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Friday, June 29th 2018, 7:26pm

Cover valve box with grass?

I had an irrigation company come to the house to give me a quote and i mentioned i didnt want valves throughout the yard, as he suggested. I want one central valve box area. He said the valve boxes throughout the yard can be covered with dirt and grass...? After he left i goggled it and found no examples of that being done and alsk noticed every valve box cover has at least one hole in it. Wouldnt that mean dirt and other stuff would get in the valve box if it was covered in dirt and grass? Wouldnt the valve box cover get get and cause the grass above it to get to hot and die?



Posts: 2,470

Location: USA


Friday, June 29th 2018, 9:44pm

I learned a long time ago to make the customer happy. Unless I know what they want will cause a problem or it wont be effective I'll go with their idea. There's no reason for him to not put all the valves in one spot. He's trying to make him happy not you.
If you have valve boxes all over the place then you also have wires running all over the place. Unless he puts them in conduit they're always there waiting for a shovel to cut them in half.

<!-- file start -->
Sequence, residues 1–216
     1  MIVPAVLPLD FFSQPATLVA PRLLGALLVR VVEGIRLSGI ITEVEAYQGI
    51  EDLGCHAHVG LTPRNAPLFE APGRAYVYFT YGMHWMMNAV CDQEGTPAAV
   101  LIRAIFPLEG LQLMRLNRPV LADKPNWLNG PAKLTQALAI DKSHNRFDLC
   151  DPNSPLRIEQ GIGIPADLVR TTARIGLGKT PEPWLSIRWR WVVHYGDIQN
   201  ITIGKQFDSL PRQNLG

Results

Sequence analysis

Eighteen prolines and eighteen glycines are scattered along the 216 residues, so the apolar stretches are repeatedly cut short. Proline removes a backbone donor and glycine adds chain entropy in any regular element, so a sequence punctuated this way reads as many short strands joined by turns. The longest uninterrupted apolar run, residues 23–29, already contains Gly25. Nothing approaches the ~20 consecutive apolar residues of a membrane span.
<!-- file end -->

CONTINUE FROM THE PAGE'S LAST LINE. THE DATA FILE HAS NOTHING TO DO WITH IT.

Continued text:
If he'll argue over this, it makes one wonder how easy he'll be to work with once the job starts.

Get some more quotes.


Active Member

Posts: 42

Location: Washinton


Wednesday, July 4th 2018, 7:27pm

As an installer with over 20 years experience, installing valves in a central location in a yard makes for a HUGE pain in the but!
Installing the system with multiple valve locations will save on materials and more importantly labor, as a result, it will drive your cost as a customer up.
Picture this 6 valves in one spot
  • 2 for the front right side of the ouse
  • 1 for the right side of the house
  • 2 for the backyard
  • 1 for the left side
  • 1 for the front left side

If the valves are located in the backyard, the contractor will have to pull the main water supply line to the backyard then run pipes from the valves back to the front yard. Depending on the layout you could end up with 3 or more pipes in the same trench.
This drastically increases the amount of pipe, fittings and amount of handwork on a site.
This is even more of an issue where lack of space is involved or areas crowded by utility lines.
As a contractor, I would always install the valves in the crawl space if the home has one. That way you can just bring the lateral lines (pipes from the valves to the heads) out on each side of the house as necessary.
The only downside to having multiple valve locations is forgetting where the valves are located. Contractors have ways of locating valves, but it can be a big task if you do not have the proper tools.
You wouldn't believe how hard some valves are to locate after being in the ground for years.
Bottom line- Installing multiple valve locations will save you money on the installation cost. If you opt for the multiple locations, make sure you know where they are installed.



Posts: 2,470

Location: USA


Wednesday, July 4th 2018, 7:32pm

So you're saying that spending 2 more hours to make your customer happy is a "huge pain in the butt"?

It seems like running all that extra wire would be a pain in the butt and take longer.

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